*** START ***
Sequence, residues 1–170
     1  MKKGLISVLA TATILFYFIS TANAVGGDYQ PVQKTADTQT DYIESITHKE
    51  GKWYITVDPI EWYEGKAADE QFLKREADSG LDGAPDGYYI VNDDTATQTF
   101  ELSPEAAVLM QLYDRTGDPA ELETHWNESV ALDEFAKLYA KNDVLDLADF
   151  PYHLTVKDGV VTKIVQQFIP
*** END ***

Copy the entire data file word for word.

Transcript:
Sequence, residues 1–170
     1  MKKGLISVLA TATILFYFIS TANAVGGDYQ PVQKTADTQT DYIESITHKE
    51  GKWYITVDPI EWYEGKAADE QFLKREADSG LDGAPDGYYI VNDDTATQTF
   101  ELSPEAAVLM QLYDRTGDPA ELETHWNESV ALDEFAKLYA KNDVLDLADF
   151  PYHLTVKDGV VTKIVQQFIP